The Nuffield Council on Bioethics, an independent United Kingdom bioethics think tank, has issued its recommended guidelines for the treatment of prematurely born infants. The very good news is that it rejected infanticide out of hand: “The Council has concluded that the active ending of life of newborn babies should not be allowed, no matter how serious their condition. The professional obligation of doctors is to preserve life where they can. If doctors were to be permitted actively to end the lives of seriously ill newborn babies, there is a risk that the relationship between parents and doctors would be negatively affected. It would also be very difficult to identify an upper age limit beyond which actively ending life would not be allowed.” Bioethicists being bioethicists, I guess they couldn’t just say it would be morally wrong.
The Council also suggested that infants born at 22 weeks gestation or earlier not be given intensive care unless as part of medical experiments. At age 23 weeks, it urges that no intensive care be given unless insisted upon by the parents and doctors agree. At 24 weeks and above, the provision of intensive care would be the norm.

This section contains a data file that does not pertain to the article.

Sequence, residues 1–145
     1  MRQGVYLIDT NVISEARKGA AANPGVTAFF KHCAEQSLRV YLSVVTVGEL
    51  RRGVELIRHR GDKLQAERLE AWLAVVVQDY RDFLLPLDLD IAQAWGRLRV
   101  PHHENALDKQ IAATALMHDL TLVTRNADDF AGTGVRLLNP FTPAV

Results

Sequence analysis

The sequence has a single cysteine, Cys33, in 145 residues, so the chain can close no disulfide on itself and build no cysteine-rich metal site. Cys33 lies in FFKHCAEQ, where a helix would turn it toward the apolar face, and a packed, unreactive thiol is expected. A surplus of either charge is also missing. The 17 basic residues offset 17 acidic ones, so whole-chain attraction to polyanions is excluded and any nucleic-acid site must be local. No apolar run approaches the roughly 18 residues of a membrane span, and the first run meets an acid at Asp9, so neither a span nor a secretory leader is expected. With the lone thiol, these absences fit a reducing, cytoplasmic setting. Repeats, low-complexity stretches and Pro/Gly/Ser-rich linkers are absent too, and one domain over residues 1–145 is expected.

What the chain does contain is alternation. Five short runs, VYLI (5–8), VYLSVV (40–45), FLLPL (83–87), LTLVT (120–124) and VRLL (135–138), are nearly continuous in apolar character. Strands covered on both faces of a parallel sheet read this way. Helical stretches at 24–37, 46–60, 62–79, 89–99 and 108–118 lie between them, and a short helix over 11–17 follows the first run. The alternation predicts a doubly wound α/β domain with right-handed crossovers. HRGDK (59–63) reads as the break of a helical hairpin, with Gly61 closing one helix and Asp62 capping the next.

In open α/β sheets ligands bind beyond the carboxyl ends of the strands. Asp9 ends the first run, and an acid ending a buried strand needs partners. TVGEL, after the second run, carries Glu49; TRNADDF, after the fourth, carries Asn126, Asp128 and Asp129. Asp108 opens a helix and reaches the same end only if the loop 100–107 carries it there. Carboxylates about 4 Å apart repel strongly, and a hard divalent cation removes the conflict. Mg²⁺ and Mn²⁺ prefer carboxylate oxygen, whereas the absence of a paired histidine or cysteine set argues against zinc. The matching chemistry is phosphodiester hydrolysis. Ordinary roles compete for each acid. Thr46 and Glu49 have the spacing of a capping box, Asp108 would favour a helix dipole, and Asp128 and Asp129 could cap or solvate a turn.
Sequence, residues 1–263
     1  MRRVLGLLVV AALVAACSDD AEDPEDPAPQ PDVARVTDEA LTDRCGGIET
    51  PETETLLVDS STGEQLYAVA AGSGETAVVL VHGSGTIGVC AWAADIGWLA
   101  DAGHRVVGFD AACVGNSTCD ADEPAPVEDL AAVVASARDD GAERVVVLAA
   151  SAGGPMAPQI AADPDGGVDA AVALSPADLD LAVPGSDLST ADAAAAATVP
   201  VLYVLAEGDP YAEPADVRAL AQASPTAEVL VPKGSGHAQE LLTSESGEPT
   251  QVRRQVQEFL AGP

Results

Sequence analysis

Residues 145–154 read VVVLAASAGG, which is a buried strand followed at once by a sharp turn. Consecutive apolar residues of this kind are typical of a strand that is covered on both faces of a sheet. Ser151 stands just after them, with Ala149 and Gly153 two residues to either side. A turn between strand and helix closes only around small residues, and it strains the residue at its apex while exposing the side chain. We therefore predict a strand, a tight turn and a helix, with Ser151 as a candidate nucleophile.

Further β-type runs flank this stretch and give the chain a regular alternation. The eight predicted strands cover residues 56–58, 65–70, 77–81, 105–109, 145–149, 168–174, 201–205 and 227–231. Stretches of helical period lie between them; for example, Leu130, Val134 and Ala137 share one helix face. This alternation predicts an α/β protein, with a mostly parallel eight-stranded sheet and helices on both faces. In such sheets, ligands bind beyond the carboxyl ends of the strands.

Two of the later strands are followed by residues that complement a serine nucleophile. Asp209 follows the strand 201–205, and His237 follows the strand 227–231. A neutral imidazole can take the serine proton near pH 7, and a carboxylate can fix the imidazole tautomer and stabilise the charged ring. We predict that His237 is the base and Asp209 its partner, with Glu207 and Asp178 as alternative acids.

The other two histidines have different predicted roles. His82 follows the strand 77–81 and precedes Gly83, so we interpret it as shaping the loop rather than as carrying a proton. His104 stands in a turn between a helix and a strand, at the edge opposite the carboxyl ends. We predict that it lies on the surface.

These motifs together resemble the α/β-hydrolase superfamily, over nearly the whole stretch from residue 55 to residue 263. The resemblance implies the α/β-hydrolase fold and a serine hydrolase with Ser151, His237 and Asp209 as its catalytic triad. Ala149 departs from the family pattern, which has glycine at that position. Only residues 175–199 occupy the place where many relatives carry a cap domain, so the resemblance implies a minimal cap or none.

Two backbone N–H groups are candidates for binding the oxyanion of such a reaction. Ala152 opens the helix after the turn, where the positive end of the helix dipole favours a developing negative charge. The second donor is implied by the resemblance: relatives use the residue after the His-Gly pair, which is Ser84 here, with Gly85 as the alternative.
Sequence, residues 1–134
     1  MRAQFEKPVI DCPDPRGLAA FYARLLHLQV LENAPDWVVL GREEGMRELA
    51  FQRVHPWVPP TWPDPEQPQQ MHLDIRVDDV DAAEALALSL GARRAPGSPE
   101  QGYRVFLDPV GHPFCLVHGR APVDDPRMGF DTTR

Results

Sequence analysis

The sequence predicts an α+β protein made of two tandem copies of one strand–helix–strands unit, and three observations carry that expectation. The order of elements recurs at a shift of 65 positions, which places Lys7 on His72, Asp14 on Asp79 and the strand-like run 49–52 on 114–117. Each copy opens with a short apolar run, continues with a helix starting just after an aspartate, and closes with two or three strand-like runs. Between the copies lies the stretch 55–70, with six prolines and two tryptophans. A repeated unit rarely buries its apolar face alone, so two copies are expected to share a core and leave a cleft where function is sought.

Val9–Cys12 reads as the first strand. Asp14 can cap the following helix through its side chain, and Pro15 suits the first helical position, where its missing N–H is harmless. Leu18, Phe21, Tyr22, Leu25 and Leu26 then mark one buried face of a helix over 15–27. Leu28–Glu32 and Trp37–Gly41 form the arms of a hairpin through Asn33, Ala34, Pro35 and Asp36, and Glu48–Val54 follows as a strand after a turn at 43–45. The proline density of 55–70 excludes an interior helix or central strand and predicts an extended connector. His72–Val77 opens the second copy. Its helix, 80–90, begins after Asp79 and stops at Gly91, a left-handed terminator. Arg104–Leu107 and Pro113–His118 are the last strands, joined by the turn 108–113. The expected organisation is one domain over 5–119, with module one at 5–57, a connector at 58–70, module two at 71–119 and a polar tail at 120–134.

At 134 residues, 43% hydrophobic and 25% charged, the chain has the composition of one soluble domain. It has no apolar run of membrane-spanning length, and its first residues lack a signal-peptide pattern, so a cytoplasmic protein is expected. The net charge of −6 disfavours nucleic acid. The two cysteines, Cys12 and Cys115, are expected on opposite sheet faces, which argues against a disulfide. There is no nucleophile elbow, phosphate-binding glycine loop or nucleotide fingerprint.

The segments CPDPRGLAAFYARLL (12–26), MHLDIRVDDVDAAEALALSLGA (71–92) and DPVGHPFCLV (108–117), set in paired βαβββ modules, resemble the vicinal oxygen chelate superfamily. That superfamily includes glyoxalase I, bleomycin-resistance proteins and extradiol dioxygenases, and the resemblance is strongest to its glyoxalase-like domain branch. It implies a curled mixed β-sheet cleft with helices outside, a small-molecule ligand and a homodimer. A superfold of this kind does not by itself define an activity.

I am not comfortable with such guidelines in that each patient should be evaluated and treated as an individual, not as part of a group. Of course, knowing the odds of survival at any given stage would be part of that agonizing decision making process. I also worry that futile care theory could seep into this process and that infants would be denied treatment because they would be disabled.
Still, it could have been worse.